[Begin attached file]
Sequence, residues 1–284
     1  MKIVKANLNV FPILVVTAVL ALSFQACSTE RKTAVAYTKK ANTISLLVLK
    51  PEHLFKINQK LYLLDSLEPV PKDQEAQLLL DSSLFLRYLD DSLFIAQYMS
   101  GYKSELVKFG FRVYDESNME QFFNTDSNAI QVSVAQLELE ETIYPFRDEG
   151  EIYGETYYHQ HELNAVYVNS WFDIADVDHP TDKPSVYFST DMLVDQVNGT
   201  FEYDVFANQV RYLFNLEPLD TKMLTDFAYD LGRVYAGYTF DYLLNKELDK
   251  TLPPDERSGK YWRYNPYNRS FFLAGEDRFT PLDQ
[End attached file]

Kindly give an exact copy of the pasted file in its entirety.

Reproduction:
Sequence, residues 1–284
     1  MKIVKANLNV FPILVVTAVL ALSFQACSTE RKTAVAYTKK ANTISLLVLK
    51  PEHLFKINQK LYLLDSLEPV PKDQEAQLLL DSSLFLRYLD DSLFIAQYMS
   101  GYKSELVKFG FRVYDESNME QFFNTDSNAI QVSVAQLELE ETIYPFRDEG
   151  EIYGETYYHQ HELNAVYVNS WFDIADVDHP TDKPSVYFST DMLVDQVNGT
   201  FEYDVFANQV RYLFNLEPLD TKMLTDFAYD LGRVYAGYTF DYLLNKELDK
   251  TLPPDERSGK YWRYNPYNRS FFLAGEDRFT PLDQ